Nearly 1,000 Birds Perish in Chicago Building Collision

Last Wednesday, the city of Chicago witnessed a tragic incident where nearly a thousand birds perished after colliding with a building in a single day, a figure far surpassing those from previous migration seasons.

Experts attribute this tragic occurrence to an unusually large migration, adverse weather conditions, and the lack of “bird-friendly” features on buildings.

About 960 birds were discovered at the McCormick Place Lakeside Center. Activists have been urging buildings to turn off bright lights during the night, as these can disorient birds.

Unusual bird deaths in Chicago’s McCormick Place Lakeside Center

Scientists and volunteers from the nearby Field Museum collected the birds. The museum monitors McCormick Place, the largest convention center in North America, for dead or injured birds.

Douglas Stotz, a conservation ecologist at the museum, mentioned to National Public Radio that “in one night we had a year’s worth of death”. He added that between 1,000 and 2,000 birds die each year after striking McCormick Place.

Annette Prince, the director of Chicago Bird Collision Monitors, reported that her group found 700 to 800 birds in a single square mile it monitors, describing the incident as a “very unusual and tragic occurrence”.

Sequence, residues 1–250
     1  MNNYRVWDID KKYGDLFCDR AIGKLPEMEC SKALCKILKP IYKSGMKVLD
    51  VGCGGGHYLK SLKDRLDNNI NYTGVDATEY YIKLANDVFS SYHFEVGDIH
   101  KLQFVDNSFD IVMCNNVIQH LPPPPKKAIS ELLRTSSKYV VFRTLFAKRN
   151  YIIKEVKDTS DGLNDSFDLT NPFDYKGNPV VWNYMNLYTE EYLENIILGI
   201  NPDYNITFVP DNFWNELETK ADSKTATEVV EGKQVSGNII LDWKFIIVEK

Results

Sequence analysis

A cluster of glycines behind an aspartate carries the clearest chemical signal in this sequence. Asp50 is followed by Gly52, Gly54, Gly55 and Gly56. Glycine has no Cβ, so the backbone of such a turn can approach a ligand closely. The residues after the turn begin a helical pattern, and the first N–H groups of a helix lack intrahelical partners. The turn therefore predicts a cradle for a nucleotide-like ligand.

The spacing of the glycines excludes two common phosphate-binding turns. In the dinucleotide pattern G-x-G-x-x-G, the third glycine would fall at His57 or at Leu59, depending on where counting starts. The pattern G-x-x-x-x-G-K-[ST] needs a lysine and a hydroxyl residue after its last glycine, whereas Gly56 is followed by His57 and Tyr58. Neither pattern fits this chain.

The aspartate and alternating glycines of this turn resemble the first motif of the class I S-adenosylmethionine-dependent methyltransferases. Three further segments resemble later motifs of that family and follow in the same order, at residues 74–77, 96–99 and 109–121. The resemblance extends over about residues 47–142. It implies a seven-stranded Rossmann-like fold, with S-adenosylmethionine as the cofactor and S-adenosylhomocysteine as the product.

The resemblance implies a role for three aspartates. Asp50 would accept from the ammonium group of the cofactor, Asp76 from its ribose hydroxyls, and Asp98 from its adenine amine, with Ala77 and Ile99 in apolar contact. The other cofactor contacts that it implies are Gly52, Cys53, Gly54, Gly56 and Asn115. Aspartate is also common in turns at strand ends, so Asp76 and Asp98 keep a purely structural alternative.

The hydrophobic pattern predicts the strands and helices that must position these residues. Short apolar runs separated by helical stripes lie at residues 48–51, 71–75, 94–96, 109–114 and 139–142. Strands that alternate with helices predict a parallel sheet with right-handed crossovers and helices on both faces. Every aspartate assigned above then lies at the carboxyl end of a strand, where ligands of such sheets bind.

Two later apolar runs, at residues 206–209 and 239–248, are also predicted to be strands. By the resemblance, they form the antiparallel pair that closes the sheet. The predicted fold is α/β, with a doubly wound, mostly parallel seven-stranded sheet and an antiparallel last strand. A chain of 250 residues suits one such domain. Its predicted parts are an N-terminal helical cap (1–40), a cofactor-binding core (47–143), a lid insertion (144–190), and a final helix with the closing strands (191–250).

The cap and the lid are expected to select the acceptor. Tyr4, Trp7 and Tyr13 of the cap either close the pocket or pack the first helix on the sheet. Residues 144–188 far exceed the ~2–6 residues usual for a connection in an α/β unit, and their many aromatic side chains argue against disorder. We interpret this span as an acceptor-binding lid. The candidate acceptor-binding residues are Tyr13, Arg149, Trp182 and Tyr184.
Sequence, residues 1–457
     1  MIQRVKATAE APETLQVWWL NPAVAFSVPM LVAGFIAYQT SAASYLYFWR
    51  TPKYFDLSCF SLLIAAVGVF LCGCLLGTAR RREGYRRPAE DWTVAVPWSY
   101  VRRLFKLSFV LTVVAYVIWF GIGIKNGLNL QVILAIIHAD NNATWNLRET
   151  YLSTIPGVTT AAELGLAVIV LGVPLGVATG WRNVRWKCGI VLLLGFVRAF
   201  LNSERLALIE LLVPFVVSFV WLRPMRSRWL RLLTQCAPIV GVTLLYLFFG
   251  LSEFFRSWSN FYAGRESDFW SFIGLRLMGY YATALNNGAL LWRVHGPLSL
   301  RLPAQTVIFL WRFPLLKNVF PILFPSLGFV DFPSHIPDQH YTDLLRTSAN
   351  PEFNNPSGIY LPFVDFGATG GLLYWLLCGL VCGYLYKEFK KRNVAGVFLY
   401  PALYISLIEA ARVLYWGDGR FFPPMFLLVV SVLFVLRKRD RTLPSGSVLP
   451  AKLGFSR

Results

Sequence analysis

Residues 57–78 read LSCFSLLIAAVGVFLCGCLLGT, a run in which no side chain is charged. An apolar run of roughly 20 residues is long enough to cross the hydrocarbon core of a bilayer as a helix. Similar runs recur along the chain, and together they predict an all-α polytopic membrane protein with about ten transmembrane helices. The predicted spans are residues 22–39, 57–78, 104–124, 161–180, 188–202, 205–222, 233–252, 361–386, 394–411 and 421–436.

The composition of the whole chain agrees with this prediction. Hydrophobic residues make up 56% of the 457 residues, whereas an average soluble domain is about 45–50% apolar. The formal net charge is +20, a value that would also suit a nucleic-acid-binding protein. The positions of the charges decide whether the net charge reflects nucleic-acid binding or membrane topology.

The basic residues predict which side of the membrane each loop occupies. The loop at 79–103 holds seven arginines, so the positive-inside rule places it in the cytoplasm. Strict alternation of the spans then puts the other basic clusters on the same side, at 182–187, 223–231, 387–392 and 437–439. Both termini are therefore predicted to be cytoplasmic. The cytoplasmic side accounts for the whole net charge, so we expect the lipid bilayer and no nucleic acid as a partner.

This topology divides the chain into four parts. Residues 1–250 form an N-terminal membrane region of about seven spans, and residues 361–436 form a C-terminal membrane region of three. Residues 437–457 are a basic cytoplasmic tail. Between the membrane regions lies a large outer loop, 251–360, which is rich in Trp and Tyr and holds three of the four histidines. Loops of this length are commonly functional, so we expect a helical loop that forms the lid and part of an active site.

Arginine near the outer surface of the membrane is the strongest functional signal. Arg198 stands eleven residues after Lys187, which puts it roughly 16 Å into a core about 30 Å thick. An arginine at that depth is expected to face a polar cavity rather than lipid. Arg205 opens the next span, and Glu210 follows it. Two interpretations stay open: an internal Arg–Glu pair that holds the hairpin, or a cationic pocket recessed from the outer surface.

In a statement on Instagram, McCormick Place acknowledged that an “extremely large” number of migratory birds had died “due to unusual weather conditions” and “avian confusion” caused by lights. Although lights are normally turned off at night, they were kept on for an event.

“The well-being of migratory birds is of high importance to us, and we are truly saddened by the incident,” they added in the statement.

Previously, the highest daily total of dead birds recovered at the center was between 200 and 300.

Experts believe that an abnormally large number of birds were flying in and around Chicago and other parts of Cook County last Wednesday, taking advantage of low temperatures and favorable winds.

Birdcast, a tracking project by three US universities, estimated that nearly 1.5 million birds were in flight above Cook County on the night of October 5, when the deaths at McCormick Place occurred.

Around the same time, a storm passed over the city, forcing many of the birds to come down to the ground, where they face increased danger from lights and windows.

A 2019 study from Cornell University’s Lab of Ornithology estimated that approximately 600 million birds die in building collisions in the US each year, with Chicago, Houston, and Dallas being the most dangerous cities.

With information from BBC

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